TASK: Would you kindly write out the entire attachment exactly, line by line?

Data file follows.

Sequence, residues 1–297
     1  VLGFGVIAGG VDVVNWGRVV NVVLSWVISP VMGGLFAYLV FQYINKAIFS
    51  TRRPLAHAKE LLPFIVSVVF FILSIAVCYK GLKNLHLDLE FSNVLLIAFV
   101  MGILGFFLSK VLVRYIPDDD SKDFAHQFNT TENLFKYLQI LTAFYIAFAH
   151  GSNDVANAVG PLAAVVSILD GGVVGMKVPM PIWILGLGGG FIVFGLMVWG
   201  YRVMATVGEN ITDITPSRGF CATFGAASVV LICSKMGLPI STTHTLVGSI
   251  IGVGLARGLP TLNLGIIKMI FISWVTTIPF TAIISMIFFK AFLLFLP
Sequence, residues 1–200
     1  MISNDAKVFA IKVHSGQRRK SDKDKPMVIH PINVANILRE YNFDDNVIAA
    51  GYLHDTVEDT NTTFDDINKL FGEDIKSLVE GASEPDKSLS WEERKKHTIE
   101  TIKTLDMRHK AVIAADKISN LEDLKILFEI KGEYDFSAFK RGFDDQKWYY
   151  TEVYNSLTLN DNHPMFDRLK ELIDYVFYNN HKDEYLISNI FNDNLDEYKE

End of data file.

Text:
Sequence, residues 1–297
     1  VLGFGVIAGG VDVVNWGRVV NVVLSWVISP VMGGLFAYLV FQYINKAIFS
    51  TRRPLAHAKE LLPFIVSVVF FILSIAVCYK GLKNLHLDLE FSNVLLIAFV
   101  MGILGFFLSK VLVRYIPDDD SKDFAHQFNT TENLFKYLQI LTAFYIAFAH
   151  GSNDVANAVG PLAAVVSILD GGVVGMKVPM PIWILGLGGG FIVFGLMVWG
   201  YRVMATVGEN ITDITPSRGF CATFGAASVV LICSKMGLPI STTHTLVGSI
   251  IGVGLARGLP TLNLGIIKMI FISWVTTIPF TAIISMIFFK AFLLFLP
Sequence, residues 1–200
     1  MISNDAKVFA IKVHSGQRRK SDKDKPMVIH PINVANILRE YNFDDNVIAA
    51  GYLHDTVEDT NTTFDDINKL FGEDIKSLVE GASEPDKSLS WEERKKHTIE
   101  TIKTLDMRHK AVIAADKISN LEDLKILFEI KGEYDFSAFK RGFDDQKWYY
   151  TEVYNSLTLN DNHPMFDRLK ELIDYVFYNN HKDEYLISNI FNDNLDEYKE